ADHD, or Attention Deficit Hyperactivity Disorder, is a chronic condition that affects many children, yet is often overlooked by teachers.
Many teachers may have reprimanded children with this condition without realizing the basis for the youngsters behavior.
Teachers will be more equipped to cope with children who have this condition if they are aware that they exist.
ADHD can persist into adulthood, causing a slew of issues such as difficulty in maintaining attention, hyperactivity, and impulsive behavior.
Children with this disability have low self-esteem, have difficulty relating to other children, and frequently perform poorly academically.
ADHD children are stubborn and belligerent, especially when a task is tough for them, and they may have emotional outbursts when a teacher gives them a direction as they refuse to follow instructions.
How to know a child has ADHD
As a teacher, you observe the behaviors of the children, and it is through this that you become aware of a child who requires assistance.
Records show that 50% of children with a combined type of this disability will display odd behavior, while 25% of children with inattentive ADHD cases will also display odd behavior.
If a child in the classroom behaves in a certain way over an extended period of time, it is up to the teacher to recognize that this is not normal and to report such instances.
Inattentive and hyperactive impulsiveness are the two types of ADHD symptoms. As a teacher, you should be aware that some students may exhibit symptoms from both categories.
For inattentive ADHD, children will show the following signs:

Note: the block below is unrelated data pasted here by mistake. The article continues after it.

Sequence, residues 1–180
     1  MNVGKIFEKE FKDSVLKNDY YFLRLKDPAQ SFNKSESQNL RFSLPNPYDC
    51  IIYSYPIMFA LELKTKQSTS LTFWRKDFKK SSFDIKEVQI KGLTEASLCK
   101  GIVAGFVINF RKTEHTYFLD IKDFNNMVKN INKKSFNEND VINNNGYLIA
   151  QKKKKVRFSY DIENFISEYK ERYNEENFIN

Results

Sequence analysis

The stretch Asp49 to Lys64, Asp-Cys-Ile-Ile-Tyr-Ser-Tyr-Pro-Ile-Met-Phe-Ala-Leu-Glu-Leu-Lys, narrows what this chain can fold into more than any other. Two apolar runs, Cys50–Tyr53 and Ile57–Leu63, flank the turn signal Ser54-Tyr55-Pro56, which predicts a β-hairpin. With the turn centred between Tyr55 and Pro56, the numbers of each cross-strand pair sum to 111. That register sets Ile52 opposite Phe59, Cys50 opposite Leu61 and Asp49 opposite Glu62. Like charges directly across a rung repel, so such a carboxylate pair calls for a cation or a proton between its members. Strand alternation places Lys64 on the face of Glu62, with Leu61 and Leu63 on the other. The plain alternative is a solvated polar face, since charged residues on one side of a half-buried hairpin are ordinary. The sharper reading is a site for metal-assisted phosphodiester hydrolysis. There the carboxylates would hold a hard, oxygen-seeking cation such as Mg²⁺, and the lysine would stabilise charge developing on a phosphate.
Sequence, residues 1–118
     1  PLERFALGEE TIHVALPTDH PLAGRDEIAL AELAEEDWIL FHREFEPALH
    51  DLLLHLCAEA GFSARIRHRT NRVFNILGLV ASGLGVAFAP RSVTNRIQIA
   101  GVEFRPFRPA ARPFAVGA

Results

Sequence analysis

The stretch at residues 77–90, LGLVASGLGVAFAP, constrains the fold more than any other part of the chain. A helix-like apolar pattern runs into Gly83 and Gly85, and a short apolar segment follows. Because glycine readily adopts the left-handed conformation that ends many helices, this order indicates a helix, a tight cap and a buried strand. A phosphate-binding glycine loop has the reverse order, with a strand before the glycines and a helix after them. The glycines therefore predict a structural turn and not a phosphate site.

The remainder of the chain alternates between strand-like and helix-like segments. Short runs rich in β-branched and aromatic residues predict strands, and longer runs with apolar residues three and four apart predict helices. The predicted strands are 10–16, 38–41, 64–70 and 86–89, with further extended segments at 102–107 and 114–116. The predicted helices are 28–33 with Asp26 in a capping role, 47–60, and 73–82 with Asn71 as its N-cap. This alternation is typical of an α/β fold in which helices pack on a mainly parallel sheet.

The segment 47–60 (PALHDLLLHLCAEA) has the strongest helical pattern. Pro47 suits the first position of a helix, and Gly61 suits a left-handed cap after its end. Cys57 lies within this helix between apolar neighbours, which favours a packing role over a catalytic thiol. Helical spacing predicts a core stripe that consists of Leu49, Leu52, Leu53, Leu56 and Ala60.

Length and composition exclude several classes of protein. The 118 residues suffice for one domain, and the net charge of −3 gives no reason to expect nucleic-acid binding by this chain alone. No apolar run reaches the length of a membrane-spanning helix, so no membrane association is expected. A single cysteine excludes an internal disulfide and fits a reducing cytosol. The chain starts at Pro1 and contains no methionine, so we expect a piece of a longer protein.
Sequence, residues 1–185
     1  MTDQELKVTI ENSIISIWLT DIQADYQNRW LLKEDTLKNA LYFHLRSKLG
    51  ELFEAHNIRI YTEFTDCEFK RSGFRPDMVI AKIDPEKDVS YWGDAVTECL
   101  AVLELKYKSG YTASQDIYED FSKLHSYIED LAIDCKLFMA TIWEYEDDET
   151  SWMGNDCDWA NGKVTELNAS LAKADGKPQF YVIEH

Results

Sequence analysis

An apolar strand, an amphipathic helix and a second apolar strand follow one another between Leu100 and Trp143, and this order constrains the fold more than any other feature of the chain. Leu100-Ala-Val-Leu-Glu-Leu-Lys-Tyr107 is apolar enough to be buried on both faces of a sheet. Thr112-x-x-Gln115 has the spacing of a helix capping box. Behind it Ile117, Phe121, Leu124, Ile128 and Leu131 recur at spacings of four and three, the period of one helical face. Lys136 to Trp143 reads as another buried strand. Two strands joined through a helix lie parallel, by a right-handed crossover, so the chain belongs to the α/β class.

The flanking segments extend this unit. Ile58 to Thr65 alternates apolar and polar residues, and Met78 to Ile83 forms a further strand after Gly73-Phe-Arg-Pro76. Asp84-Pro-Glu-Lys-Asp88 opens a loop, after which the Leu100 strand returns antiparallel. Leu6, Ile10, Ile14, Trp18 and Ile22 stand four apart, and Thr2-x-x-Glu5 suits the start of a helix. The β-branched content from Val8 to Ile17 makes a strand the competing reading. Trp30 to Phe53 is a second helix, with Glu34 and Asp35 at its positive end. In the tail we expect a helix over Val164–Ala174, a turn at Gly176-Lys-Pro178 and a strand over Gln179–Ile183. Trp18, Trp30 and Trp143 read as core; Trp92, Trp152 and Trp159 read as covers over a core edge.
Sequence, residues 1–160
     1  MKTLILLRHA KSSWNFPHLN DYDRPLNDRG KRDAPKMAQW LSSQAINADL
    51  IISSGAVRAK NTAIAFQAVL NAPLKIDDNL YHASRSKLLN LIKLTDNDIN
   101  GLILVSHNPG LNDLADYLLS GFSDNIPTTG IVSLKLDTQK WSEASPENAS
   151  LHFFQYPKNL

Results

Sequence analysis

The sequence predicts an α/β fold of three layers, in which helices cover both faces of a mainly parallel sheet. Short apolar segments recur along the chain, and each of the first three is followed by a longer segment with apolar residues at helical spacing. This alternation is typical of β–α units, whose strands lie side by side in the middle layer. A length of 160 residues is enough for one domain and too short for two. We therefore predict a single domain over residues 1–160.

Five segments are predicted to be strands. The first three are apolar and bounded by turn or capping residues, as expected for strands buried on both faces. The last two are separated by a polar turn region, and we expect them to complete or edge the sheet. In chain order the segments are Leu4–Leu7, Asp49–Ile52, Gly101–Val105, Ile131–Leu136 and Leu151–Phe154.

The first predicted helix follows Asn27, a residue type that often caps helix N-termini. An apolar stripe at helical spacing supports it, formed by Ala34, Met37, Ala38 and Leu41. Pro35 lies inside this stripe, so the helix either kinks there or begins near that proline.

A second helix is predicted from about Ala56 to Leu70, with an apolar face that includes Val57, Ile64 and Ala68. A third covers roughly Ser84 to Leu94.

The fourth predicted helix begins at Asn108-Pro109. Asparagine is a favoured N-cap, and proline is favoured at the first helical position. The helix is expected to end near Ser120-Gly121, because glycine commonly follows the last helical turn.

- Short attention span and being easily distracted
- making careless mistakes especially during classwork
- Being unable to commit to arduous or time-consuming chores
- Appearing unable to listen to or carry out instructions
- Continually changing activity or task
- Having difficulties organizing tasks
For hyperactive ADHD, children will show the following signs:
Being unable to sit still, particularly in a serene or quiet environment
- Fidgeting all the time
- Being unable to focus on an assignment
- Physical activity that is excessive
- Chatting excessively
- Unable to wait for their turn
- Behaving without deliberation
- Causing disruptions to discussions
- They have little to no sense of danger
6 simple steps to help teachers manage a child with ADHD
Every teacher should be aware that this disability has an impact on a child’s learning abilities since the affected child will struggle to pay attention to what is being taught, and as a result, the child may not learn anything.
Teachers can help children with this disability by following some easy guidelines.
Such youngsters should be seated nearer to children who are more organized or near you.
Establish classroom norms and the repercussions of breaking them.
When the child is paying attention, begin speaking.
Set up a nonverbal method of drawing the child’s attention.
To assist the child with transition and organization, set a timer.
Combine written and oral instructions in a single document.
lastly, keep expectations consistent so the child know what is expected of them.
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